As most of you know, McCloskey ran against Richard Pombo in the Republican primary in 2006. After McCloskey’s loss, he went on to endorse Democrat Jerry McNerney in the general election, because of Pombo’s failure on issues including environmental conservation and civil rights.
Those two issues in today’s political scene would be considered liberal issues. Pombo pushed for the drilling in the Arctic National Wildlife Refuge but ran into his own platform mistakes when it came to the Endangered Species Act. Most Republicans voted for Pombo over the years on those issues as part of economic development to create jobs and to allow developers to build without interference from environmentalists.
Both Pombo and McCloskey were derailed by the very people who voted for each of them. In McCloskey’s case, all those who voted him into office from 1967 until 1983 did so because they supported what are now considered liberal issues. If we analyze the two candidates, we see the same platforms, although 20 years apart.
McCloskey jumped the Republican ship after all those years to join the Democratic Party. In reality, if McCloskey would have stayed a Republican, he would have helped the party to rebuild its once-strong base.
There are those who believe that Pombo followed in McCloskey’s footsteps on those same issues to get votes, but the platforms were too liberal for good Republicans, who finally turned against Pombo.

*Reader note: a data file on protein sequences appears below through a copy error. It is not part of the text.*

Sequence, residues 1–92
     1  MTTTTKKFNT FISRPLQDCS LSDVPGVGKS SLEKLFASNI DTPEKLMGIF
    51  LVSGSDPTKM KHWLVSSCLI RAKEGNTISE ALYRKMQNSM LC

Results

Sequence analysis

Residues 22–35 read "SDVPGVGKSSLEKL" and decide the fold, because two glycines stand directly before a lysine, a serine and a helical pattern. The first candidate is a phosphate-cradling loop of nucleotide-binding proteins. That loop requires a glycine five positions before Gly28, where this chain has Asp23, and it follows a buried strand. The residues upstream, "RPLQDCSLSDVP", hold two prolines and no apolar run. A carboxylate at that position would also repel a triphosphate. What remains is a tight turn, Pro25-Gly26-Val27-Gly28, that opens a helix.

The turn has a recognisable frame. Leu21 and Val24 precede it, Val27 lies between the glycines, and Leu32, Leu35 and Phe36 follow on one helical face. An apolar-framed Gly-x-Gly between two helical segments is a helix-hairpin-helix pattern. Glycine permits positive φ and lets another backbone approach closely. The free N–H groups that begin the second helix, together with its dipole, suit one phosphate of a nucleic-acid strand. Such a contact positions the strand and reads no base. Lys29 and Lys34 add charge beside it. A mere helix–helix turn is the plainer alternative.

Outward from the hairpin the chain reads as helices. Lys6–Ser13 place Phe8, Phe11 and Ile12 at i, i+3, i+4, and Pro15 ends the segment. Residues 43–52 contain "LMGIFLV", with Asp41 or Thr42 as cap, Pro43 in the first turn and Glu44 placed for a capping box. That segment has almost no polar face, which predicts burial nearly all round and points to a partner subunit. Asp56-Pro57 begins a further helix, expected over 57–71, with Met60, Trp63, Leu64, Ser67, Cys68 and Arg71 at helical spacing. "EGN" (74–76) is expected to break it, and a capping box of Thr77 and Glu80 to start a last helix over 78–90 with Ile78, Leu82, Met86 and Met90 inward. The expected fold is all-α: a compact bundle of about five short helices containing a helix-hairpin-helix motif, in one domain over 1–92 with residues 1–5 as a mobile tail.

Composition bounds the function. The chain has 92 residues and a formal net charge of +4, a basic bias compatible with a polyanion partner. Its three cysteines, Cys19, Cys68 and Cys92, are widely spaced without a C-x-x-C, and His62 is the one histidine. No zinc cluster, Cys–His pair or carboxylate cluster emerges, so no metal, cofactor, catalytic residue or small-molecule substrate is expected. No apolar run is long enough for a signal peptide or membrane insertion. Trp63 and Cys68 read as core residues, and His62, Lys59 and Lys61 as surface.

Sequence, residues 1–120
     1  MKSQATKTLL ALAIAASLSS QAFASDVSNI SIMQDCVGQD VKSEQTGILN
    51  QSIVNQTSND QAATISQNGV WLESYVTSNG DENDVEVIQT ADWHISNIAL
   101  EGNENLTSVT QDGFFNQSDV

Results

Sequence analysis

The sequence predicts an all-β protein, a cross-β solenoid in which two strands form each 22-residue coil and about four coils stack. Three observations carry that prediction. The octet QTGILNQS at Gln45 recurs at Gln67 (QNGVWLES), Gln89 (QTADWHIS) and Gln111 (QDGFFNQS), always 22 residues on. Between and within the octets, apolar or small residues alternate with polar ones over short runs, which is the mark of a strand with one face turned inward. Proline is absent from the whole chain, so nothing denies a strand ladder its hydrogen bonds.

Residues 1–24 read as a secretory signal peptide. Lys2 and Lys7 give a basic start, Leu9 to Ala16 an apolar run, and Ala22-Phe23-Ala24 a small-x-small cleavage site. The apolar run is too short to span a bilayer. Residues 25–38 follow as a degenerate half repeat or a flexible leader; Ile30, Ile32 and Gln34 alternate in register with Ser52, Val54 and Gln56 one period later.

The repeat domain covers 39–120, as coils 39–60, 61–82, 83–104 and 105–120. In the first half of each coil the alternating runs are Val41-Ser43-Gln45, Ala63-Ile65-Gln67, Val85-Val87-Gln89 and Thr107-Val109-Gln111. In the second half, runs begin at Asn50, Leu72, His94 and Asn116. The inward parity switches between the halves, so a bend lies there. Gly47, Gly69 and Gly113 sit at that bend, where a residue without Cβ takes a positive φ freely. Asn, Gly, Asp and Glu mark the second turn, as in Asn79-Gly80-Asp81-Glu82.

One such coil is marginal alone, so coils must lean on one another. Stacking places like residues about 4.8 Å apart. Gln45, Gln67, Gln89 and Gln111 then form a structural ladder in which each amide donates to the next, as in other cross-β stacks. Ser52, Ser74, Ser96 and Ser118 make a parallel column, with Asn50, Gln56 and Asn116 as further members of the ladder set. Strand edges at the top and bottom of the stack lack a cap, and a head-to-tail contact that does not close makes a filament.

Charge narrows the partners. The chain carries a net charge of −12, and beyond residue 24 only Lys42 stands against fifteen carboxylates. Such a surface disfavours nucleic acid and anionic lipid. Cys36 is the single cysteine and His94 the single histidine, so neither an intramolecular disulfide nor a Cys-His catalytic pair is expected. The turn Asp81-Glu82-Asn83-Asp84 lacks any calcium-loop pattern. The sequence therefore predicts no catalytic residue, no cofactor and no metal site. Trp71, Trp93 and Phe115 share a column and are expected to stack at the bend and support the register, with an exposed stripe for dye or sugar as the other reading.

Now if McNerney continues to move to the right for votes, he could be voted out of office in the next election by a strong Republican.
As McCloskey says, “I find it hard to be a Republican now.”
Was the statement by McCloskey untimely in the current economic slowdown? It’s as though he is saying, “Don’t blame me for the current problems,” which is the same as what Pombo says about his past political platform.
These elected officials must be held accountable for things that are happening now, as a result of what they voted for while in office. One can wonder why McCloskey is saying, “I find it hard to be a Republican now.” Maybe it’s because his work is unfinished.
• Thomas A Benigno, a retired farmer and businessman who lives in Tracy, ran against both Pombo and McCloskey in the 2006 Republican primary.